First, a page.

A new study of cervical cancer survivors has challenged commonly held perception of hormones' role in sexual activity, after finding that the 'fighters' reported satisfying sex lives following surgical intervention.
Conducted at the University of Southern California-Yale University, the study details the sexual experiences of women who presumably had no hormonally-motivated sexual behaviour or interest.
Surgical intervention for cervical cancer often involves removing the ovaries, which reduces or eliminates circulating testosterone. The hormone is a factor in both male and female sexual behaviour.
"Our findings, which demonstrate the existence of widespread interest and satisfaction with sex in the absence of a crucial hormone underscore the importance of non-hormonal components of sexual interest and satisfaction," said lead author Howard Greenwald, a USC professor with the School of Policy, Planning, and Development.
He added: "That may mean the key to sexual satisfaction is less about biology and more about psychology."
He claimed that during the first months and years following treatment for cervical cancer, women often struggle with what they perceive to be assault on their sexual organs and identity.
In their study, the researchers found that after six years most women's sexual desire and enjoyment rebounds. In this particular study, the researchers interviewed women six to 28 years from their initial diagnosis.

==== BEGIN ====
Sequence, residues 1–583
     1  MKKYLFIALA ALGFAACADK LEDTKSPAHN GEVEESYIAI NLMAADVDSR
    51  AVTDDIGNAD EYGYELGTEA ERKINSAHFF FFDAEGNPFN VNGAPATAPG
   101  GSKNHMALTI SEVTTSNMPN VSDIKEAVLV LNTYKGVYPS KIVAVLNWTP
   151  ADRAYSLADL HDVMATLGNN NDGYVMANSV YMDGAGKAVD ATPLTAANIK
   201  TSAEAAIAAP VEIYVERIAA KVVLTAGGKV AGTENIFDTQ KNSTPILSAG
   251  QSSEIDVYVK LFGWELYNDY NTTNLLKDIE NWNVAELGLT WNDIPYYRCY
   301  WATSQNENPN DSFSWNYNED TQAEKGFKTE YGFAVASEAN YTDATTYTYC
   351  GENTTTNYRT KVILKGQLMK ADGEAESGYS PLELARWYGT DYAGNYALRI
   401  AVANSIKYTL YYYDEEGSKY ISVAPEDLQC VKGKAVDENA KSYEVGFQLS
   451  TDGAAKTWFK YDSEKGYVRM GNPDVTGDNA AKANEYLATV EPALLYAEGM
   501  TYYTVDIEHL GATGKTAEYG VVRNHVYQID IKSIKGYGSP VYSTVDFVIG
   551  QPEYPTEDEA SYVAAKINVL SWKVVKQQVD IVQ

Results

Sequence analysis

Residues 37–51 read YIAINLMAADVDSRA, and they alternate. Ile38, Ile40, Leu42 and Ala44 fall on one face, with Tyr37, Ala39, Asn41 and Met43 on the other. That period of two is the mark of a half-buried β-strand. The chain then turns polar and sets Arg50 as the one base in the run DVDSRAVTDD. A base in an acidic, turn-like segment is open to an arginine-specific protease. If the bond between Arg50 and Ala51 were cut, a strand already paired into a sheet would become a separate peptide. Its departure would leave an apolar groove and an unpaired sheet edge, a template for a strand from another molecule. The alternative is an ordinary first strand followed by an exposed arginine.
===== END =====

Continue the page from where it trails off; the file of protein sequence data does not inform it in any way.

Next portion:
After interviewing 179 women, the researchers found that more than 80 percent of the cervical cancer survivors reported being sexually active. Whereas, 81.4 percent said they 'sometimes,' 'almost always' or 'always' desired sexual activity and 90.9 percent indicated they enjoyed sexual activity at least some of the time.
One-third of the women answered in affirmative when asked if cervical cancer had a negative effect on their relationships. On the other hand, two-thirds disagreed with that statement.
"This observation is important because the public places so much emphasis on 'hormones' in sex and the pharmaceutical industry is poised to release a whole new generation of hormone-based drugs for female sexuality," said Greenwald.
"A person's outlook, relationships and other factors may be just as important, or even more important."
After cancer is diagnosed, doctors perform hysterectomies - surgical removal of the uterus - or oophorectomies - removal of one or both ovaries - to treat invasive cervical cancer.
The researchers found a difference in sexual interest between these two groups and found that women with hysterectomies were less likely to report a lack of interest in sex compared to the other women.
Conversely, women who had oophorectomies were less likely to report they enjoyed sex compared to the other women. Oophorectomies typically affect circulating sexual hormones and results in reduced vaginal lubrication.
"The women who've lost their ovaries, and thus the naturally circulating testosterone, are less likely to enjoy sex. However, women who've had this ovary-removing procedure are statistically no less likely to be sexually active or more likely to lack sexual desire than women who still have their ovaries," said Greenwald.
"These results underscore how important it is to include people who are long-term survivors and to assess their quality of life in terms of their sexuality, their relationships with others, and their ability to be productive members of our society."
The study, "Sexuality and Sexual Function in Long-Term Survivors of Cervical Cancer," appears in the recent issue of Journal of Women's Health.